Belum Caves

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Belum Caves, the second largest stalgamite and stalacite rock formations in the Indian Sub-continent is located in the Andhra Pradesh state of India. This picture is the entrance to the rock cave that is 3.5 kms in length. Public is allowed only upto a length of 2 kms into the caves. Although discovered in the year 1884, Belum Caves gained much popularity in the past 3 decades and has been officially declared as a protected tourist attraction in the year 2002.

Gebauer Hall

This place is the Gebauer Hall, a point for the visitors to seat for a while and admire the place. It has been named after the famous German explorer, H Daniel Gebauer, who, in the year 1982-84 explored the Belum caves to its fullest length. The Belum Caves are highly regarded in by historians because of being home to Buddhist monks. These caves have been house to many Pre-Buddhist era relics. There are 16 different pathways, including the main entrance and there are deposits of Quartz in the caves. The caves are formed in Black Limestone.



The beautiful naturally formed rock caves that has thousands of years of history reverberating around has been maintained and being beautified by the APTDC since the year 1999. Belum Caves have long passages, spacious chambers, fresh water galleries and siphons. It is a natural underground cave formed by the constant flow of underground water. The caves reach its deepest point (150 feet from entrance level) at the point known as Pataalaganga. Belum Caves derive their name from “Bilum” Sanskrit word for caves.

The Belum rock caves at Belum Village in Kolimigundla Mandal of Kurnool District in State of Andhra Pradesh, India are part of a larger complex of caves carved out of the limestone deposits in the Erramalai region. The whole of the place inside the cave part is well curated and maintained by the state transport board. The Belum caves, known for their stalactite and stalagmite formations have long passages, spacious chambers, fresh water galleries and siphons. It is a natural underground cave formed by the constant flow of underground water. Due to the constant flow of water underground, the rocks are patternized and look like a design wanting to be appreciated by the human eye. Free roaming around in the cave is highly unadvised since the place is melancholic. Always take a guide or go in groups. In fact, such a tour of the cave could only be well enjoyed rather than just going in single. The APTDC (Andhra Pradesh Travel & Development Corporation) has been awarded for promoting and maintaining this naturally formed adventure destination.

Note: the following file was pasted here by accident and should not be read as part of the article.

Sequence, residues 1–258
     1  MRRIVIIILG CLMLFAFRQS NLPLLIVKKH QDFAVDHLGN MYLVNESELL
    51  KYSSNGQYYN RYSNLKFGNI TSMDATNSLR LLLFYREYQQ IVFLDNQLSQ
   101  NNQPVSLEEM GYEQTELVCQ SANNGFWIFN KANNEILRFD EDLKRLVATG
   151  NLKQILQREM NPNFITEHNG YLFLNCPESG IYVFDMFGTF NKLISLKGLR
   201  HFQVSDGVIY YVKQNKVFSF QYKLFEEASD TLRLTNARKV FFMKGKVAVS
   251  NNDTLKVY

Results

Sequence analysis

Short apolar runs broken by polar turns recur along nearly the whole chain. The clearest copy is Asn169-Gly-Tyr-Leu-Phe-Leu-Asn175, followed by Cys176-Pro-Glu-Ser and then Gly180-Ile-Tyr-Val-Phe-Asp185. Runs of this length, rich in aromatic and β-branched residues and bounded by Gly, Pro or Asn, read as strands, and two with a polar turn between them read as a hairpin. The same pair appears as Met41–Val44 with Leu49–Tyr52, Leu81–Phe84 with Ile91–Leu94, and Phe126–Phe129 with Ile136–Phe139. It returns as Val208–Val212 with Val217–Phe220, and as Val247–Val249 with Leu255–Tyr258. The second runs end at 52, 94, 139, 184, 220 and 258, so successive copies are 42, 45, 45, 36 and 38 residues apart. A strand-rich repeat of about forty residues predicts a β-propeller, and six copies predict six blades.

There might be mixed opinions on different minds when going through the caves. While some think that it all seems post apocalyptic remnants, some others think the beauty surrounding an underground river that existed once. It is all in perception. Belum Caves is more embedded in history of time since explorers and scientists have dated back its existance to over 6500 years. Archaeological survey of India (ASI) found remnants of vessels, etc. of pre-Buddhist era and has dated the remnants of vessels found in the caves to 4500 BC.

There are different section inside the Belum Caves. They include the Pillidwaram, Kotilingalu Chamber, Patalaganga, Saptaswarala Guha or the Musical Chamber, Dhyan Mandir or Meditation Hall, Thousand Hoods, Banyan Tree Hall and Mandapam. Each place bears some significance and carries a separate history with them.

Andhra Pradesh Tourism Development Corporation (APTDC) has developed the pathways in around 2 km of the length of the caves, provided soft illumination and has created fresh-air-shafts in the caves. At many places inside the cave, APTDC has installed bridges, staircase, etc. for easy movement inside tha cave. It has also created a canteen, washroom and toilet facilities near the entry point.

There is a giant Buddha Statue near a hillock near the Belum Caves. The area of cave known as “Meditation hall” was used by Buddhist Monks. The relics of Buddhist period were found here. These relics are now housed in museum at Ananthapur.